If you use a mass-market facial tonic or cream, your face turns red and starts to burn. If you’ve been out in the cold a little longer than usual, your skin feels tingling, even though nothing seems to have changed in appearance. These signs could indicate hypersensitivity of the skin, a condition in which it reacts too strongly to external stimuli. Let’s find out what skin can be considered sensitive and if what they say is true.
Why Skin Becomes Sensitive
Skin is the largest organ of the human body: depending on your body type, it measures between 1.6 and 1.85 square meters and weighs between 3 and 3.5 kilograms. The skin performs many tasks. It helps maintain a constant body temperature, regulate the level of moisture and exchange the substances necessary for life with the outside world. It also protects the body from mechanical damage, ultraviolet light, harmful microorganisms, and other environmental influences.
Our main armor is very thin, only a few hundredths of a millimeter. It’s the upper, horny layer of the epidermis (superficial skin layer). It comprises so-called bricks – keratinocytes (dead cells of this layer) and “cement” – lipids, i.e. fats that are insoluble in water. Sweat glands secrete to the surface of the skin, which includes water. Together with lipids it forms the so-called hydro-lipid film. Such a complex structure ensures the skin’s barrier function – natural protection against ultraviolet light, dehydration and bacteria.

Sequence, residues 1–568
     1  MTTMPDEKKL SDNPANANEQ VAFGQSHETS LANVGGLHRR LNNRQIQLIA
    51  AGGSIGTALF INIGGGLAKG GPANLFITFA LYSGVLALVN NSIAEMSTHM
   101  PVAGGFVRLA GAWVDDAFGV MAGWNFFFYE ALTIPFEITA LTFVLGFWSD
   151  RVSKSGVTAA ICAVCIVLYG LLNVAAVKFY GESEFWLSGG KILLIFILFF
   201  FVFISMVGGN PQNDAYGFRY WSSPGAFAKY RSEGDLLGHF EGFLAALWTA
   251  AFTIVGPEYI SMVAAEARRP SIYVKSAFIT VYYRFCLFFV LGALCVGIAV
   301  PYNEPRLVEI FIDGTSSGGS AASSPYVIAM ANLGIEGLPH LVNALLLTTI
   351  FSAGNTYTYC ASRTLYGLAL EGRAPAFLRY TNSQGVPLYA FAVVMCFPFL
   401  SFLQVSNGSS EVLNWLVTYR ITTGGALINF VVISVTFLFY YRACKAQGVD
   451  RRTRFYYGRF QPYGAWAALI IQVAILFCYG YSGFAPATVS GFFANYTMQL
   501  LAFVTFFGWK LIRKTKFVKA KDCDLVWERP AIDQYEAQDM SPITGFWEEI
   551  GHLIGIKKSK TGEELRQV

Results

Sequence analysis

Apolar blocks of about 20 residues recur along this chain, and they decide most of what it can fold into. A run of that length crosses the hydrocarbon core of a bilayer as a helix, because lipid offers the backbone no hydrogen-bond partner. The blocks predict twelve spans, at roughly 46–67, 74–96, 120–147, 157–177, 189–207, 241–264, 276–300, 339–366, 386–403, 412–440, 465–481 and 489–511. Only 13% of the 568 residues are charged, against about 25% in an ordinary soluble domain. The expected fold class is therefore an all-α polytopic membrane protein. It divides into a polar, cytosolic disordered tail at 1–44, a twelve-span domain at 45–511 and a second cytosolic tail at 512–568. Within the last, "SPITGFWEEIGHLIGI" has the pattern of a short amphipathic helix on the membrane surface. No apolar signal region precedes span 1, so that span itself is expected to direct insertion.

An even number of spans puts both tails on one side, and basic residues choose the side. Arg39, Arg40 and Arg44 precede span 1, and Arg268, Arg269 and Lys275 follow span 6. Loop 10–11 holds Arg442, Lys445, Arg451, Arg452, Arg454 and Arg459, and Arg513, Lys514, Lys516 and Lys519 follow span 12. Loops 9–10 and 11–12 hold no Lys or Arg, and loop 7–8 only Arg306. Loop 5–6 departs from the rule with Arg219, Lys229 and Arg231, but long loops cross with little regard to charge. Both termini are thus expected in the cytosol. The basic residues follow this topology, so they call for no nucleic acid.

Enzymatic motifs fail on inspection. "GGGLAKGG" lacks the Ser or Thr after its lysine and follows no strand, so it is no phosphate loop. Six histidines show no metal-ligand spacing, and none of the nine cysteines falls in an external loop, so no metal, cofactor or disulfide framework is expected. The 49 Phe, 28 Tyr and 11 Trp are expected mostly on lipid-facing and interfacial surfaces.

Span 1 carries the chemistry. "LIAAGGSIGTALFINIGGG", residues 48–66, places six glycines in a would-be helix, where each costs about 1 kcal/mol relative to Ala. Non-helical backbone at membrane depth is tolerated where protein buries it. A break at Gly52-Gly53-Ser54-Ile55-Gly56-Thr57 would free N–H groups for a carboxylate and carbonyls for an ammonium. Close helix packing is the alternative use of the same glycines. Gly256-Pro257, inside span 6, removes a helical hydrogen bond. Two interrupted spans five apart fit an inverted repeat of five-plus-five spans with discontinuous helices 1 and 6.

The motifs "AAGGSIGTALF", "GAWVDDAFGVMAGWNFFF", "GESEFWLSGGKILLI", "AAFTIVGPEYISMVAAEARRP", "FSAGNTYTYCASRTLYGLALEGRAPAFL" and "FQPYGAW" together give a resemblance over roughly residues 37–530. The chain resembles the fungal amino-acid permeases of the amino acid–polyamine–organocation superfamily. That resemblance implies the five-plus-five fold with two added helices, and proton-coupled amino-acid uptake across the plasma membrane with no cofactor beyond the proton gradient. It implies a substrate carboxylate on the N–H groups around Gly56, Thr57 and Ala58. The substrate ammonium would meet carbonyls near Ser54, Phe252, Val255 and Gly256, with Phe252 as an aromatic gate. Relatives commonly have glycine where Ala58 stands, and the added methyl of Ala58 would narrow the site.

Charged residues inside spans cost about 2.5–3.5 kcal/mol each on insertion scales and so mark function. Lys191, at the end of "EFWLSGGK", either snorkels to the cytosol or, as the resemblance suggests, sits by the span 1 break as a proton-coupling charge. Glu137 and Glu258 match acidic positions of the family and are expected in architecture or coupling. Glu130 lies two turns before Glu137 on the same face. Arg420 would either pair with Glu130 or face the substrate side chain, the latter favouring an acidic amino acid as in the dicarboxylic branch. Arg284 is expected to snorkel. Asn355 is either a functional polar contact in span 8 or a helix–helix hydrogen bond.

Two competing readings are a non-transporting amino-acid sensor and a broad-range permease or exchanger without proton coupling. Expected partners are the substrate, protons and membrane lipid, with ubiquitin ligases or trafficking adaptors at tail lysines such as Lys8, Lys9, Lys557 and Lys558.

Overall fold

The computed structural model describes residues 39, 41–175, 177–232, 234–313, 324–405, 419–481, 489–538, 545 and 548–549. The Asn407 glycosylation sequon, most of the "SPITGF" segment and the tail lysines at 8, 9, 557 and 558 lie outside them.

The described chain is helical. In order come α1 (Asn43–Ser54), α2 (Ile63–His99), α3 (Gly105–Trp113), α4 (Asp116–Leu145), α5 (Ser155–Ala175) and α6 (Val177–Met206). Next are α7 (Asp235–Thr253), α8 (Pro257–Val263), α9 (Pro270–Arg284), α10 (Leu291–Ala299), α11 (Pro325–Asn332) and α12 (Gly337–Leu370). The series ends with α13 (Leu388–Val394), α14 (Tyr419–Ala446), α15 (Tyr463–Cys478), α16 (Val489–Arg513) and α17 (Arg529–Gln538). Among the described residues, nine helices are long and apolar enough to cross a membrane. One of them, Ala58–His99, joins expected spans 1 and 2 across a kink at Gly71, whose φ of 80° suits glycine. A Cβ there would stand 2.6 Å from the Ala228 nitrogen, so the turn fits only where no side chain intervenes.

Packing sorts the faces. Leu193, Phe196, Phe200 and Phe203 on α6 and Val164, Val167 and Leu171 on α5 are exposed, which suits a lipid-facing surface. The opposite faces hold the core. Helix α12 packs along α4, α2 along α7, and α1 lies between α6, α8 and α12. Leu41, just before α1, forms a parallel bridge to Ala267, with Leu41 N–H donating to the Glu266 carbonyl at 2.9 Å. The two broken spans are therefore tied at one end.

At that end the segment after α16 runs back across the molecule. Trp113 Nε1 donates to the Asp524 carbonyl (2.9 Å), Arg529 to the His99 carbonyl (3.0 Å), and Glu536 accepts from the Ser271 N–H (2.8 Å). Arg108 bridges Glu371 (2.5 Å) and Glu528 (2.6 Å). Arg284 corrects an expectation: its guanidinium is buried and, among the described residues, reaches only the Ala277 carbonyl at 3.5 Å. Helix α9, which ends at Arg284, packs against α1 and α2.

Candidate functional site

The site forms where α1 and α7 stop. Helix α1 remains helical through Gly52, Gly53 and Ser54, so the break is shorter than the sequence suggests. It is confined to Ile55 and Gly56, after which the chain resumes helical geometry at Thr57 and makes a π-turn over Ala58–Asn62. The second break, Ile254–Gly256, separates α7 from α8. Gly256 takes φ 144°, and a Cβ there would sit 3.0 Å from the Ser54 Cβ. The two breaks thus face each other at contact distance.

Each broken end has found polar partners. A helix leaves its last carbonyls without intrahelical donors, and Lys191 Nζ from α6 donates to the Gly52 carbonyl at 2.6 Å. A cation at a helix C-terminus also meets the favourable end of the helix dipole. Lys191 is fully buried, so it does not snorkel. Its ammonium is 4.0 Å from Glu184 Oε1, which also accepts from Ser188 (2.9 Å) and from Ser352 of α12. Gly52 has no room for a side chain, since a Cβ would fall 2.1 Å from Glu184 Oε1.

If the function of the protective barrier is compromised – in particular, if its permeability changes – the deeper skin layers face problems for which they are structurally unprepared. At least half of European women are familiar with the results: itching, burning and tingling sensations, flaky and dry skin, redness and inflammation caused by contact with a specific irritant. Sometimes it’s cosmetics, but such reactions can also be caused by cold, heat, too humid or dry air, and, according to observations, by wearing a medical mask for a long time, by contact with clothing, and even by stress.
Many factors influence the condition of the protective layer of the epidermis: heredity, hormonal changes (for example, during the menstrual cycle), constant contact with polluted air (including those associated with smoking), skin diseases, taking antibiotics and some other drugs, improperly selected cosmetics and procedures.
Myth #1: A Skin Reaction to an Irritant Is an Allergy
Dermatologists don’t think so. Although allergies can also manifest as skin reactions, so-called hypersensitivity of the skin leads to a hyper reaction even to the most common stimuli – for example, too dry air or one’s own sweat. In the case of cosmetic products, true allergies don’t depend on the quantity of the irritant – the body will react even if you put only a drop of the product with the allergen on your face or body. The reaction of sensitive skin often depends directly on how much of the substance has time to penetrate the stratum corneum and repeated exposure to the same irritant.
Myth #2: Only Dry Skin Can Be Sensitive
Dry skin is indeed often sensitive: this type is characterized by a lack of lipids, those fats that are part of the protective barrier. But both normal and oily skin are not immune to increased sensitivity. For example, if the sebaceous glands produce too much sebum, the composition of the hydrolipid film can change, and it will start to let more irritants through.